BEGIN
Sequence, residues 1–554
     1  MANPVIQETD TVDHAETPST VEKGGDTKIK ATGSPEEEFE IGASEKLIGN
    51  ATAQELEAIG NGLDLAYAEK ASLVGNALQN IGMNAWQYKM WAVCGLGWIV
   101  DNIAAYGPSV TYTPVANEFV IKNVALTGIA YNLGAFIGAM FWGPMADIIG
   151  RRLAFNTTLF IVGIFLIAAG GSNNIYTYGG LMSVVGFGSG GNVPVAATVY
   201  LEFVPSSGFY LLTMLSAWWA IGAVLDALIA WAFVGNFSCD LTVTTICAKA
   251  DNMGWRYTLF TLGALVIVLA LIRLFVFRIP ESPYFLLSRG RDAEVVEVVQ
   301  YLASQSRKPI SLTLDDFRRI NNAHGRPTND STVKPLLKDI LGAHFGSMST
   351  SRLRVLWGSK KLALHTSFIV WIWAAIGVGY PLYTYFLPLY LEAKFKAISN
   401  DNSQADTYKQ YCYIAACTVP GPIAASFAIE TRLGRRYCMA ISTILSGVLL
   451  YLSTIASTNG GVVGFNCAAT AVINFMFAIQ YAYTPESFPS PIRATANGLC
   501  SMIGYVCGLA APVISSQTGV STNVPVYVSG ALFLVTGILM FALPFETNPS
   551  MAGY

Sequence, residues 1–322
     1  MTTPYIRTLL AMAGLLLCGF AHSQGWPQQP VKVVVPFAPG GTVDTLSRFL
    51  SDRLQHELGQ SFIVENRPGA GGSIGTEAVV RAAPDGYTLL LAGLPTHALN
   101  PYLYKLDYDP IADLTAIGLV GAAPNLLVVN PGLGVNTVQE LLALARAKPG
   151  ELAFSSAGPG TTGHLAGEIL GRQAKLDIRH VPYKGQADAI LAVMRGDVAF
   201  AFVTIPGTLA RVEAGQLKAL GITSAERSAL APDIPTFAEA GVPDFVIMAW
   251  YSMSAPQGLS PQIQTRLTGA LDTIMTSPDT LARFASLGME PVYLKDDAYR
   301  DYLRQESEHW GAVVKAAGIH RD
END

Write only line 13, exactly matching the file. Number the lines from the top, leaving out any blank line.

   551  MAGY